What's more, is that this composition really doesn't feel all that FRESH, so to speak; the more celestial sections recall ambient-master Brian Eno, the use of strings familiar to those exposed to a good deal of film music (the yearning of Tan Dun's 'Crouching Tiger'). "Trailer, 4", possibly my favorite of the elegies to be found here, is haunting and unforgettable [really]; its use of boy soprano absolutely pristine, drenched in a seriousness I rarely hear in any form of contemporary music; referring again to film (which, as the "trailer" titles in the tracks might indicate, the album has much parallels with), 'Mono/World's End Girlfriend''s use of vocals in this particular track remind me of the brilliant, (post?)modern classical/film composer Elliot Goldenthal (his works for 'Alien 3', 'Final Fantasy: The Spirits Within, 'Michael Collins', etc.)... I.E., the guys' here are utilizing a formula that has existed before, but they lace it with such authenticity and deep emotion that its familiarity comes with grace and gratitude.
I'm about to check out both of these bands' other works; looks like they reside in the "post-rock" world, as far as vague categorizations go. Knowing this, 'Palmless Prayer' feels only slightly post-rock; it's too serious, too direct, and simply too draining to be compared to stuff like 'Explosions in the Sky' or 'Sigur Ros'. The sheer melancholy within compares with the best of 'Mogwai' and 'Godspeed!', and probably the most apt comparison to be made would be with 'Godspeed!''s run-off band, 'A Silver Mt. Zion', primarily because both flow to a slower tempo, provide more orchestral instrumentation opposed to guitar/bass/drums (piano/strings/soundscapes largely in place of), and on a very basic, real level, are simply more powerful.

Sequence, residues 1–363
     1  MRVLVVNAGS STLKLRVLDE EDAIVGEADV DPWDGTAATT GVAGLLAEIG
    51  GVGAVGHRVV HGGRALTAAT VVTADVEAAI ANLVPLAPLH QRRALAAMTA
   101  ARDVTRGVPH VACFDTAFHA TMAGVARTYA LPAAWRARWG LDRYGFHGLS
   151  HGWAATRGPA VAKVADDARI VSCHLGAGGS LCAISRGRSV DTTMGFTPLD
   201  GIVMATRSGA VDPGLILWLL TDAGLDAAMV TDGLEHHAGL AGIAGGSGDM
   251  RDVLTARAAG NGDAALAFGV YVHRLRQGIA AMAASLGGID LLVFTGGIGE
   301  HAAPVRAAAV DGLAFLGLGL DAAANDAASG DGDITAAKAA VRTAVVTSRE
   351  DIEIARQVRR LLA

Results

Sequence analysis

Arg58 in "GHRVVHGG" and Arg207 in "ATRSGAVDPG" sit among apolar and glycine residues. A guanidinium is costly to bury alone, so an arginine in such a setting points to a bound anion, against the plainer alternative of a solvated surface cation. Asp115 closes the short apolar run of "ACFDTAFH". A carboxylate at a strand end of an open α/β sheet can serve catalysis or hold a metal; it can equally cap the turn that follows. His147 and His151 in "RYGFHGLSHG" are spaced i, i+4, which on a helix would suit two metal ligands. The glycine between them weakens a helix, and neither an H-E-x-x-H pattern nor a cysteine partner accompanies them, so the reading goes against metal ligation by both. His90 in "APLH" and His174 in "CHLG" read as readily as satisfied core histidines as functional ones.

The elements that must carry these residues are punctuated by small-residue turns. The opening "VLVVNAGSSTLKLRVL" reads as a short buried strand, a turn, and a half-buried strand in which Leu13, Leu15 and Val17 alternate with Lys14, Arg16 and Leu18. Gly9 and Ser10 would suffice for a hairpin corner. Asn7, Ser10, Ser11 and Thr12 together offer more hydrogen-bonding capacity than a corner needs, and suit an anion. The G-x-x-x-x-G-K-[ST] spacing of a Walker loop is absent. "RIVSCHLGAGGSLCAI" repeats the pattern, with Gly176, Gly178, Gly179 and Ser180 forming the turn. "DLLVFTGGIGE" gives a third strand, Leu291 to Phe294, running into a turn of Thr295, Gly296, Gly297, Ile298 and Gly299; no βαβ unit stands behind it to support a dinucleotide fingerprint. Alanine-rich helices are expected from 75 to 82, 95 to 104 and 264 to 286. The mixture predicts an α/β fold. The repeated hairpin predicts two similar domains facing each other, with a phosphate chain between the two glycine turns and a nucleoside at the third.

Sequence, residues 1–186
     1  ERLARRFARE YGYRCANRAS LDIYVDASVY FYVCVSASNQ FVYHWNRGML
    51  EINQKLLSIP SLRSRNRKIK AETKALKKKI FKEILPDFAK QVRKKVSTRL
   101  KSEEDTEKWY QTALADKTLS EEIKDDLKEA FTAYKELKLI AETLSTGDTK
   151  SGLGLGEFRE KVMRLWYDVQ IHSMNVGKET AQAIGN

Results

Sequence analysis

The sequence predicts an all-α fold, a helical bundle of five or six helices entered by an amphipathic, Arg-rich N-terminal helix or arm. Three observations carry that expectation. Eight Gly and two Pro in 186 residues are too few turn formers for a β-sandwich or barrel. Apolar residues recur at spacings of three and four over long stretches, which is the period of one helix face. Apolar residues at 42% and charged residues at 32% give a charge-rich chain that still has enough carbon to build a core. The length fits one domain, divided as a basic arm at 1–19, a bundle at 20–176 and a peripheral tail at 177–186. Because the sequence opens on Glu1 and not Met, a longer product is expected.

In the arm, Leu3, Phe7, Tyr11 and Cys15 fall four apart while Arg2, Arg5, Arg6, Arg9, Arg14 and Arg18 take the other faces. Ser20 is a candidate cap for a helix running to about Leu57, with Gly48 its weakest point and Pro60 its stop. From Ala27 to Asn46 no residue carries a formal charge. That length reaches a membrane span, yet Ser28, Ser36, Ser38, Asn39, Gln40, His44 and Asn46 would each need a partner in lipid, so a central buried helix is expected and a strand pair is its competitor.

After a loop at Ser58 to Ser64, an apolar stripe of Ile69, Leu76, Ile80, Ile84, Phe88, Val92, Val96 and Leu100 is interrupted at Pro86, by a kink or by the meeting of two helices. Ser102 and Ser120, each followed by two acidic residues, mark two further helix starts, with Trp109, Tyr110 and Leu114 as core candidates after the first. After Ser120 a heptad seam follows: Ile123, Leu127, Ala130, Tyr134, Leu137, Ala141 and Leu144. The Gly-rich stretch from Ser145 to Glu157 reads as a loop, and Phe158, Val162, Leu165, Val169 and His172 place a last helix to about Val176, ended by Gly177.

Like 'A Silver Mt. Zion', one should probably tread lightly if they're not accustomed to such moods. It's all interpretive, of course; I have no question many would simply turn off the music after hearing it for a few moments -- "boring", a very likely response. Thus, or at least for me, it's a matter of willing the imagination to feel the pain endowed in the music, but never forgetting that birthed from this pain is a rapture of beauty too evocative, brimming with a hope that is hard to penetrate without first knowing the contrasting darkness. "
Nothing short of gorgeous
Aquarius Records | San Francisco | 09/17/2006
(5 out of 5 stars)
"Wow. This collaboration between Japanese epic art rockers Mono and their equally arty countrymen World's End Girlfriend is nothing short of gorgeous. Palmless Prayer / Mass Murder Refrain is an absolutely breathtaking five-part mood piece that enshrouds the listener in looming desolate shadows cast by classically composed guitar, strings, piano, saxophone and even a fleeting vocal chorus. A staggeringly moving work definitely for fans of Godspeed You Black Mogwai or anyone else looking to have their jaw dropped by some seriously bleak beauty."
One of the Best Albums I Heard In 2007...
Example: Mark Twain | 11/07/2007
(5 out of 5 stars)
"...although this was released in 2006, is MONO & world's end girlfriend's gorgeous Palmless Prayer / Mass Murder Refrain, a five-part chamber music suite, as it were, for string quartet and post-rock band. A collaboration between Japanese composer Katsuhiko Maeda and the thunderous Tokyo quartet that is MONO, the album is surely going to be one of my favorites of the year.